Vietnamese among trio arrested in Togo over trade in 1.5 tonnes of ivory
Police in Togo have arrested three men accused of conspiring to ship more than 1.5 tonnes of ivory to Vietnam in part of a broader crackdown on the illicit trade that has plagued the West African nation for decades.
The suspects, a Vietnamese man, 44, and two Togolese accomplices, were paraded before reporters on Tuesday morning by police, who said they were still investigating the source of the ivory.
Lieutenant Pierre Awi said the ivory was hidden in a container at Lome port bound for Vietnam. "The container was loaded with wood that was serving as a cover for a large quantity of ivory in bags underneath," he said.
He said 1.68 tonnes of ivory was seized. Although there is wide variation depending on the type and size of elephant, conservationists say the average tusk weighs about 3.6kg, meaning the seizure could represent about 230 elephants.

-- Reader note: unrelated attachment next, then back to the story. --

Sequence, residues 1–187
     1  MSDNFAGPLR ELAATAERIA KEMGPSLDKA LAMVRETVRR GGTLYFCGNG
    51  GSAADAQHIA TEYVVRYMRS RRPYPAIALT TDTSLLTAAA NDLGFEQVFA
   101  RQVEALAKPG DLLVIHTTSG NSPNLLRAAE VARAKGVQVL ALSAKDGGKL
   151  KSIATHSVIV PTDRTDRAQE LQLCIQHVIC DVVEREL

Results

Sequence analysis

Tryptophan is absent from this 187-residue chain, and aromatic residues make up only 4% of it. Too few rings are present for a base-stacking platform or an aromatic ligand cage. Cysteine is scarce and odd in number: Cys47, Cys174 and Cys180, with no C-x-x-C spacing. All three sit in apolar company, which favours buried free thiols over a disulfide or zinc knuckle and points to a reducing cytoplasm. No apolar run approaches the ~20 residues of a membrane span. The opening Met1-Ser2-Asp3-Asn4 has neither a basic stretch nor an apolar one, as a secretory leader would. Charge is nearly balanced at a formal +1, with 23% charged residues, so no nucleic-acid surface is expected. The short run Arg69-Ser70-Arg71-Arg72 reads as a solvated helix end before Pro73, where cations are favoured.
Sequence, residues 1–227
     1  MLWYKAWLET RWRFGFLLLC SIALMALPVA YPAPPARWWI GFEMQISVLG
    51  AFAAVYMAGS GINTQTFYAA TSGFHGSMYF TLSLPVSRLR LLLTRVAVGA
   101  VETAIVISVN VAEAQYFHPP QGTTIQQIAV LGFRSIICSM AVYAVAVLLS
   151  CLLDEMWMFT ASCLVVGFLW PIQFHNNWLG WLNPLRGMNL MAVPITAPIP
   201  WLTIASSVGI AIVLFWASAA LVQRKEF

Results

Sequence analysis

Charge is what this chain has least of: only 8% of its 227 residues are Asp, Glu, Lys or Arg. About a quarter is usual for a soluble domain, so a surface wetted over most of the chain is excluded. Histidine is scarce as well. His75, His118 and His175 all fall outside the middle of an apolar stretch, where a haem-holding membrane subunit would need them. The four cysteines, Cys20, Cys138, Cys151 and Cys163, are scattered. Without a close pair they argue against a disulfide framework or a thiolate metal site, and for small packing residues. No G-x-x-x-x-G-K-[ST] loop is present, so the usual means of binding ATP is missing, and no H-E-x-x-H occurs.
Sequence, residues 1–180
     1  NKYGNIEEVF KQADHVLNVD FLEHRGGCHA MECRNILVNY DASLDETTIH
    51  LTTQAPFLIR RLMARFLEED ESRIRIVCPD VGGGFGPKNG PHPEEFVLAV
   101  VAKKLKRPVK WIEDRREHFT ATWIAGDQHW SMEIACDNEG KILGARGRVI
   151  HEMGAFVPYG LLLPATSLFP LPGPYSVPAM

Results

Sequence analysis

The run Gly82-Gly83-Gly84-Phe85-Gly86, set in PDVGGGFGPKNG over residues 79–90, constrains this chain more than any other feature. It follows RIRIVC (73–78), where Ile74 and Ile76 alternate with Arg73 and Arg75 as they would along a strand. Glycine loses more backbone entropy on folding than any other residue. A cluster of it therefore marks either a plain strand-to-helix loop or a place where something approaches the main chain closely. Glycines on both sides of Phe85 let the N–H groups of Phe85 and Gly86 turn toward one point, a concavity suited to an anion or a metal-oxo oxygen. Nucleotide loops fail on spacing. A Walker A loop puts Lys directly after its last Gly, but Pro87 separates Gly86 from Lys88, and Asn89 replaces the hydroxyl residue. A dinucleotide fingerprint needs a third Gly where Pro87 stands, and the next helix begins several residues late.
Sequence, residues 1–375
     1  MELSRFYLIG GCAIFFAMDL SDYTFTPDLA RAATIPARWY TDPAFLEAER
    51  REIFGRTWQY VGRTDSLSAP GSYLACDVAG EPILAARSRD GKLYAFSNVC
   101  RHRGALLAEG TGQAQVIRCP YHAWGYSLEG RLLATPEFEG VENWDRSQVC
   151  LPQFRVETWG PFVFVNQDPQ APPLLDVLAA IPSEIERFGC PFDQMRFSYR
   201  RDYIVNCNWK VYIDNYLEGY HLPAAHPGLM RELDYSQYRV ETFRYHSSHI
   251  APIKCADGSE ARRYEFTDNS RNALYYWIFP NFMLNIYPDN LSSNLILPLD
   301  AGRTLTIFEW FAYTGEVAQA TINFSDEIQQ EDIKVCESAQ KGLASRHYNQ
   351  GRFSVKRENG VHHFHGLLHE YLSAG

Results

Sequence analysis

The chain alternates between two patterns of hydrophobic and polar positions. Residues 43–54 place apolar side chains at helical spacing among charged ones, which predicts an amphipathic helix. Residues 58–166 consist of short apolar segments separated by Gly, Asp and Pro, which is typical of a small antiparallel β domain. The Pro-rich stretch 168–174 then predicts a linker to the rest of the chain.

Togo has long operated as a transit country for ivory from Central Africa before it is shipped to Asia, where rising demand has fuelled a boom in illicit trading over the past several years. The international ivory trade was banned in 1989.
Last August, Togo announced the arrest of a man known as "The Boss" of the country's ivory trade, whom activists blame for the slaughter of thousands of elephants. That man, Emile N'Bouke, was found with 680kg of ivory in his possession. Investigators said that haul represented only a fraction of the ivory he has been s accused of moving through Togo since the 1970s.
N'Bouke has not been brought to trial and officials were not available on Tuesday to confirm whether he had been formally charged. Togolese law potentially allowed for prison sentences of up to five years for ivory trafficking, said Ofir Drori, founder of the Last Great Ape Organisation that began investigating N'Bouke in 2012.
The ivory seized from N'Bouke potentially came from "dozens of countries," Drori said. Samples have been sent to the United States for tests to determine their origin.
The investigation of N'Bouke's activity had led to about a dozen arrests since last August, Drori said, commending Togolese authorities for excellent work in cracking down on ivory networks.